[lines 402-412] As two lions on either side of a slain deer spring at one another in fury, and there is a fearful snarling and a clashing also of teeth—, like vultures with crooked talons and hooked beak that fight and scream aloud on a high rock over a mountain goat or fat wild-deer which some active man has shot with an arrow from the string, and himself has wandered away elsewhere, not knowing the place; but they quickly mark it and vehemently do keen battle about it—, like these they two rushed upon one another with a shout.
[lines 413-423] Then Kyknos, eager to kill the son of almighty Zeus, struck upon his shield with a brazen spear, but did not break the bronze; and the gift of the god saved his foe. But the son of Amphitryon, mighty Herakles, with his long spear struck Kyknos violently in the neck beneath the chin, where it was unguarded between helm and shield. And the deadly spear cut through the two sinews; for the hero's full strength lighted on his foe. And Kyknos fell as an oak falls or a lofty pine that is stricken by the lurid thunderbolt of Zeus; even so he fell, and his armor adorned with bronze clashed about him.
[lines 424-442] Then the stout hearted son of Zeus let him be, and himself watched for the onset of manslaying Ares; fiercely he stared, like a lion who has come upon a body and full eagerly rips the hide with his strong claws and takes away the sweet life with all speed; his dark heart is filled with rage and his eyes glare fiercely, while he tears up the earth with his paws and lashes his flanks and shoulders with his tail so that no one dares to face him and go near to give battle. Even so, the son of Amphitryon, unsated of battle, stood eagerly face to face with Ares, nursing courage in his heart. And Ares drew near him with grief in his heart; and they both sprang at one another with a cry. As it is when a rock shoots out from a great cliff and whirls down with long bounds, careering eagerly with a roar, and a high crag clashes with it and keeps it there where they strike together; with no less clamor did deadly Ares, the chariot-borne, rush shouting at Herakles. And he quickly received the attack.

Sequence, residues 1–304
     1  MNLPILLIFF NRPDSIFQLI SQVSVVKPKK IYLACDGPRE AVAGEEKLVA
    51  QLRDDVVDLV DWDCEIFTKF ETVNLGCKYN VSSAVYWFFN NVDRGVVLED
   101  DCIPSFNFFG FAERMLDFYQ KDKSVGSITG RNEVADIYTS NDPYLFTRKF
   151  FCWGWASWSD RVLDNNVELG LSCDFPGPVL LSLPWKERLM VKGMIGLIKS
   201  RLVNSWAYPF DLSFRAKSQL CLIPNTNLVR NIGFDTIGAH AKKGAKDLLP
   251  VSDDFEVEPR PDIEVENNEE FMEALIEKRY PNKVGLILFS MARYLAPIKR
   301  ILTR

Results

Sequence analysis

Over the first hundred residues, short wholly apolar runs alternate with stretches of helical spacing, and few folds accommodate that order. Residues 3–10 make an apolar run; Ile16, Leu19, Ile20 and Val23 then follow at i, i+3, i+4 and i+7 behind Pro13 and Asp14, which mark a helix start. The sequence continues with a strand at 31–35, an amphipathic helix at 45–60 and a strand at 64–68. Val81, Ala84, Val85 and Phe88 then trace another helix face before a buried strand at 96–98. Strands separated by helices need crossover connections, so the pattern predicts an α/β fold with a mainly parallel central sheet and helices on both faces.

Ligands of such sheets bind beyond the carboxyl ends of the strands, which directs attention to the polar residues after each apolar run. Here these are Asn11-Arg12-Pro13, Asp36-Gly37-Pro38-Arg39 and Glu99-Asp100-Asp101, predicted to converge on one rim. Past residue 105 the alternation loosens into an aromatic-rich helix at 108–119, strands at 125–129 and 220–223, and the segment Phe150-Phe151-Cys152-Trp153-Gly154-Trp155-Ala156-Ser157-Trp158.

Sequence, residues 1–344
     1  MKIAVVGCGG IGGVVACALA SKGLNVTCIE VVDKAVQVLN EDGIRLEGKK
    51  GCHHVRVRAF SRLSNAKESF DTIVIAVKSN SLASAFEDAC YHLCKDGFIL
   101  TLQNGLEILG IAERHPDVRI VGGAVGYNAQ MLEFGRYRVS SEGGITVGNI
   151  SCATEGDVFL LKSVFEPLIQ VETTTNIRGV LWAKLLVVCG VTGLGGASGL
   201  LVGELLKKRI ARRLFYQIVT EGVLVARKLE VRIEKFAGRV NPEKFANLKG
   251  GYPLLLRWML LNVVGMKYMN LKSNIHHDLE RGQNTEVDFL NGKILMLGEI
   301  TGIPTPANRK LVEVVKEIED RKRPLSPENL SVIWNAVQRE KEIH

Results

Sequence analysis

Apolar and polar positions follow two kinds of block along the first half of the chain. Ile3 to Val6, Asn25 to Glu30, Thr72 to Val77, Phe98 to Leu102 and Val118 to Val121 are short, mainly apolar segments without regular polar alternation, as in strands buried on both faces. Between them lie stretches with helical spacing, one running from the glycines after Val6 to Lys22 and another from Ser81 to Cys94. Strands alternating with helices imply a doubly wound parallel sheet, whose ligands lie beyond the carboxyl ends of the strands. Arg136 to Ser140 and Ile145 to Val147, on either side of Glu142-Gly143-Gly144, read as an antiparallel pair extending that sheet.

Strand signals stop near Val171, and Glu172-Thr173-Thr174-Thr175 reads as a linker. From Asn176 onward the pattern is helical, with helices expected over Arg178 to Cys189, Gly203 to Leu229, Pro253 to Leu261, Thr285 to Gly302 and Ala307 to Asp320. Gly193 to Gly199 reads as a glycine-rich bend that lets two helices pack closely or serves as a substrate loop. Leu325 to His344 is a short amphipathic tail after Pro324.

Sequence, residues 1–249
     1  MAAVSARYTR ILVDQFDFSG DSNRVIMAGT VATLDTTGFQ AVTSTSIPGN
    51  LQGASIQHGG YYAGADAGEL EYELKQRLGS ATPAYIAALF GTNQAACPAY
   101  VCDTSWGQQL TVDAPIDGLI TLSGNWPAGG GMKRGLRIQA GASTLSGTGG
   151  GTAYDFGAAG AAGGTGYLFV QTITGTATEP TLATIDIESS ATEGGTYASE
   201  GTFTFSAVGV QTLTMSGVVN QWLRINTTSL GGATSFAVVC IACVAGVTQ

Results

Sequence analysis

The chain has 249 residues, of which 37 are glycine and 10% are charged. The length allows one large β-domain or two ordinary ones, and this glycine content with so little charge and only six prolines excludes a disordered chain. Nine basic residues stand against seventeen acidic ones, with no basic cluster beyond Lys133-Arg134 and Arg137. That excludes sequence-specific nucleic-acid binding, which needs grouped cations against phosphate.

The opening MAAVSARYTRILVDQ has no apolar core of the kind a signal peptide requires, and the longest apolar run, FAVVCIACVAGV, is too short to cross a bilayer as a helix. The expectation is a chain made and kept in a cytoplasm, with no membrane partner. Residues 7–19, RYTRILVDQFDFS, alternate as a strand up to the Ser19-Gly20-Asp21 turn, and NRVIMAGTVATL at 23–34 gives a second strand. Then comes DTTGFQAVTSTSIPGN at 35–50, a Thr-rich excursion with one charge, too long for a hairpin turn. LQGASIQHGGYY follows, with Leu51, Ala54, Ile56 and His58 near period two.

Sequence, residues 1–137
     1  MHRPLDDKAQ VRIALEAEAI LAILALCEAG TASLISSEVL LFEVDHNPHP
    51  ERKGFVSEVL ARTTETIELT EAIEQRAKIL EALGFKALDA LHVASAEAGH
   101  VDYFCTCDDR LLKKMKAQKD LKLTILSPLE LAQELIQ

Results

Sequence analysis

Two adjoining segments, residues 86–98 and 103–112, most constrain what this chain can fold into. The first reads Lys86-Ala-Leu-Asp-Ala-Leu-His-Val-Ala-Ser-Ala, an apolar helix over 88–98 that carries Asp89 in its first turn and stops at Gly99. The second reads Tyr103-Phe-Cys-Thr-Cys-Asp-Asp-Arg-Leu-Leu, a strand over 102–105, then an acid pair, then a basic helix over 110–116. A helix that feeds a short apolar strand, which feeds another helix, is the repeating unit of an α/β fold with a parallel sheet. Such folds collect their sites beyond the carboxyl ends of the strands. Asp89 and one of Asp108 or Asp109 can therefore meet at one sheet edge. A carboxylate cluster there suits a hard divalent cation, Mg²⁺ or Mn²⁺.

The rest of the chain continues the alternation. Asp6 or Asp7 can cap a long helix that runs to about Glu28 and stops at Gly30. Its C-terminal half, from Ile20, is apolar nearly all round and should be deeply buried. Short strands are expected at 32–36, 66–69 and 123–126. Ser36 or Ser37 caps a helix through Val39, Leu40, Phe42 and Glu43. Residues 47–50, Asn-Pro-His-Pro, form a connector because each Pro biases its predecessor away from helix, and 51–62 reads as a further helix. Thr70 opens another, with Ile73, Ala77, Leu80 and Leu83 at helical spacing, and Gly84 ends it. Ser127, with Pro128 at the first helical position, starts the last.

[lines 443-449] But Athene the daughter of aegis-bearing Zeus came to meet Ares, wearing the dark aegis, and she looked at him with an angry frown and spoke winged words to him. "Ares, check your fierce anger and matchless hands; for it is not ordained that you should kill Herakles, the bold-hearted son of Zeus, and strip off his rich armor. Come, then, cease fighting and do not withstand me."
[lines 450-466] So said she, but did not move the courageous spirit of Ares. But he uttered a great shout and waving his spears like fire, he rushed headlong at strong Herakles, longing to kill him, and hurled a brazen spear upon the great shield, for he was furiously angry because of his dead son; but bright-eyed Athene reached out from the car and turned aside the force of the spear.
Then bitter grief seized Ares and he drew his keen sword and leaped upon bold-hearted Herakles. But as he came on, the son of Amphitryon, unsated of fierce battle, shrewdly wounded his thigh where it was exposed under his richly-wrought shield, and tore deep into his flesh with the spear-thrust and cast him flat upon the ground. And Phobos [Panic] and Deimos [Fear] quickly drove his smooth-wheeled chariot and horses near him and lifted him from the wide-pathed earth into his richly-wrought car, and then straight lashed the horses and came to high Olympos.
[lines 467-471] But the son of Alkmene and glorious Iolaos stripped the fine armor off Kyknos's shoulders and went, and their swift horses carried them straight to the city of Trachis. And bright-eyed Athene went thence to great Olympos and her father's house.
[lines 472-480] As for Kyknos, Keyx buried him and the countless people who lived near the city of the glorious king, in Anthe and the city of the Myrmidons, and famous Iolkos, and Arne, and Helike; and much people were gathered doing honor to Keyx, the friend of the blessed gods. But Anauros, swelled by a rain-storm, blotted out the grave and memorial of Kyknos; for so Apollon, Leto's son, commanded him, because he used to watch for and violently despoil the rich hecatombs that any might bring to Pytho.